Heartbreak: The story of a 49ers fan born after the franchise's glory years

There is only word word to describe the experience of being a young 49ers fan who was not alive during the team's glory years: heartbreak.
Super Bowl LVIII - San Francisco 49ers v Kansas City Chiefs
Super Bowl LVIII - San Francisco 49ers v Kansas City Chiefs / Harry How/GettyImages

The 49ers have lost the Super Bowl yet again. This loss, while incredibly painful and heartbreaking, allows one to reflect...

Sports are a special thing. They connect us to other people we may not have much in common with. They inspire us, frustrate us, and teach us to persevere.

Probably my favorite thing about sports is the fact that it connects us to other generations.

Even when painful, sports can be a wonderfuly powerful thing.

Being a 49ers fan after the glory years is heartbreaking

My grandfather raised my father right: as a Bay Area sports fan. Giants, 49ers, Warriors. Those were the teams.

I was raised the same way. Growing up in the 1980s for my father, the Niners were the golden team, the standard for a dynasty. Four Super Bowl championships in the decade and another one in the 1990s. One of the best quarterbacks of all time in Joe Montana, the stuff of legend.

As a kid, my father made me aware of this great history. I have distinct memories of watching the episodes of America's Game on NFL Network. I got to learn about Montana, wide receivers Dwight Clark and Jerry Rice, and head coach Bill Walsh. I learned about the dynasty they built.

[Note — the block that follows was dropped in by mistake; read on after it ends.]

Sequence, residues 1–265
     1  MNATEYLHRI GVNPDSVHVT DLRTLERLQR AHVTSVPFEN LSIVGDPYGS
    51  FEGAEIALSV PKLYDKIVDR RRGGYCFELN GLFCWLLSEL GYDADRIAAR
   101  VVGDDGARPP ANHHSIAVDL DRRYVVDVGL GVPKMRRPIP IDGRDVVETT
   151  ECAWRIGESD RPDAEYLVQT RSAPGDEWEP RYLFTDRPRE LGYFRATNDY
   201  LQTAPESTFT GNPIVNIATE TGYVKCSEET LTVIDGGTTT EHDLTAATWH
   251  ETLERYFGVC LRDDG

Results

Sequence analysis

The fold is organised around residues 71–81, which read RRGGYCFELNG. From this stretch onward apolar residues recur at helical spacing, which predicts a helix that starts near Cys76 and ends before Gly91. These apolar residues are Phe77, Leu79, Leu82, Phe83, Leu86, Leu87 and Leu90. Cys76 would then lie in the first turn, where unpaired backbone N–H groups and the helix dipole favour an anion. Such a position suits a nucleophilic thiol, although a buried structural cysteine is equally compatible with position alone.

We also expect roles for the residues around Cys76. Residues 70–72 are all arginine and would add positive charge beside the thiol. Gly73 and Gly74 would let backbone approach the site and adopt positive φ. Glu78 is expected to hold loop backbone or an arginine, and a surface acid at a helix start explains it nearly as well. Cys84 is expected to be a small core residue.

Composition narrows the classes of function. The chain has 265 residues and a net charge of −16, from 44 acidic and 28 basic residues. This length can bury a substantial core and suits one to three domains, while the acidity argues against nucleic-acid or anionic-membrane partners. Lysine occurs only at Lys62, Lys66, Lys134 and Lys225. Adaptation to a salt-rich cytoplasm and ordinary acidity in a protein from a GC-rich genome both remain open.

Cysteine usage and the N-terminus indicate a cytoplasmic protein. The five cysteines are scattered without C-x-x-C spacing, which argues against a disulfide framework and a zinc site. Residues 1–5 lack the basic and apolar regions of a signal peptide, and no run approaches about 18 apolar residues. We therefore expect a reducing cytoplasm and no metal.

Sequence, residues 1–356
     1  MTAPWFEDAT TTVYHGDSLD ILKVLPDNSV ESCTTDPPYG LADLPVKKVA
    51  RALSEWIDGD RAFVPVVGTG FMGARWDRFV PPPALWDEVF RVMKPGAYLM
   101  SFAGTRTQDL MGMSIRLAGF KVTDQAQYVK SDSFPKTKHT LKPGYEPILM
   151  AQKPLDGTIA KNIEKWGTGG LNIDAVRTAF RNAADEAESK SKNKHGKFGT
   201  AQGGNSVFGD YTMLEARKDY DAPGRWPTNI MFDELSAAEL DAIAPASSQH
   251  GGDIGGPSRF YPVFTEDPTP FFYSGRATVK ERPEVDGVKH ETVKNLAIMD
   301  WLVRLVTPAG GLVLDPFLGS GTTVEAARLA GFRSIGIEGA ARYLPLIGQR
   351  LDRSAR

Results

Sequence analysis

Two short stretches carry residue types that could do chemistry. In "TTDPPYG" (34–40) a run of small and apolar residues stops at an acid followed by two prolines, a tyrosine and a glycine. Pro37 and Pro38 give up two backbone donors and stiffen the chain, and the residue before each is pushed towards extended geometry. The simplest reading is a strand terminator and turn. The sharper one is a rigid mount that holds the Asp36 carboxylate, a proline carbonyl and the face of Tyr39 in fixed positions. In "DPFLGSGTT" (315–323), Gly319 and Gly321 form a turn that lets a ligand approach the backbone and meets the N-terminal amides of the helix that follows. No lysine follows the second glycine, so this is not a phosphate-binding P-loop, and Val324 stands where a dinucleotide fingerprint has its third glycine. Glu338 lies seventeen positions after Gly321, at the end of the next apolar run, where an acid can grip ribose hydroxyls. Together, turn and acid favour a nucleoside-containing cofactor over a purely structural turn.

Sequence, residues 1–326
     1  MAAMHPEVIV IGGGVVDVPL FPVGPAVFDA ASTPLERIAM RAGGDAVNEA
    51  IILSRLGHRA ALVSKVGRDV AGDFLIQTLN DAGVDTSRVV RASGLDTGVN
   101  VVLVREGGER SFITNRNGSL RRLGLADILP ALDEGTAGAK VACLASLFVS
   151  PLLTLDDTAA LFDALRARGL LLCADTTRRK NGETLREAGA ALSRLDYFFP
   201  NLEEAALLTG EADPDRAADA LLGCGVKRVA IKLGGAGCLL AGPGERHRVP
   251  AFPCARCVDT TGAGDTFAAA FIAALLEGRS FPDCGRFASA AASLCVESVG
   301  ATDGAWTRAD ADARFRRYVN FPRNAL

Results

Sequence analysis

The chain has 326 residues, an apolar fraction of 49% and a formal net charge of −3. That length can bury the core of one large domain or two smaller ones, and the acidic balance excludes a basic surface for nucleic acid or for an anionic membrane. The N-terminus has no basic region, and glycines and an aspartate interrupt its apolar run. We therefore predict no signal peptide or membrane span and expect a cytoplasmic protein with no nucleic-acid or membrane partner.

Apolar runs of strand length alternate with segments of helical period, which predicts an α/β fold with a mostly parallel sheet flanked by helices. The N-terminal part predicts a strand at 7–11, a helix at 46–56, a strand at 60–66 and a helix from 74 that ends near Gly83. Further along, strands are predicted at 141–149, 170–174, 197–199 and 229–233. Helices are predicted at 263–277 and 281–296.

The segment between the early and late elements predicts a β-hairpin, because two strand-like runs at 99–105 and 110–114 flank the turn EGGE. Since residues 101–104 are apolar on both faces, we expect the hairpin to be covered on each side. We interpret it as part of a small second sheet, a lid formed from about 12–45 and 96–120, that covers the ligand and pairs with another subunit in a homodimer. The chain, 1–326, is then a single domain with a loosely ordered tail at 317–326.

I dreamt that someday, perhaps I could see San Francisco again hoist a Lombardi Trophy.

At the time, I watched those relics of history in the mid-to-late 2000s, it seemed like another 49ers Super Bowl was a long way off. The team was not that great and didn't seem like they would be for a while. In came Jim Harbaugh, a head coach who had great success at Stanford before being hired by the 49ers in 2011.

It was a familiar story. Even as a pre-teen I understood the parallels to Walsh. But instead of a dynasty, I got heartbreak. Instead of "The Catch" and "Montana to Taylor," I got the Kyle Williams fumble, the overthrown fade pass to Michael Crabtree and the tip by Richard Sherman.

There were good memories and great victories mixed in there, to be sure, but all of them tainted by the knowledge that they ultimately led to heartbreak.

Related story: 10 most heartbreaking moments in Niners playoff history

Then the dark years between Harbaugh and now-head coach Kyle Shanahan. I still cheered for the team but figured it would take a long time before they could be legitimate contenders again.

Kyle Shanahan, John Lynch bring 49er long-awaited hope, but pain still lingers

Then, a bright offensive mind, Shanahan, and a gutsy general manager in John Lynch assembled a great defense and drafted solid offensive contributors.

Plus a likable quarterback, Jimmy Garoppolo, who seemed to have winning in his DNA and studied under the tutelage of the greatest quarterback of all time in Tom Brady? That sounded like it could be the makings of another dynasty, or at least a team that would take home a Super Bowl.

But, no. We got the Super Bowl overthrow to Emmanuel Sanders. That's the memory. Another painful one.

They ran into the greatest quarterback in the game, currently, in Kanas City Chiefs perennial MVP candidate Patrick Mahomes. While it was his first Super Bowl, everyone knew it would not be his last. But he was not invincible. Sure, Brady had beaten him twice in the postseason, and so had the Cincinnati Bengals' Joe Burrow.

Perhaps if the Niners just had a little bit extra at the quarterback position or one more skill player...

Brock Purdy arrives to 'save' the 49ers, but even that's not enough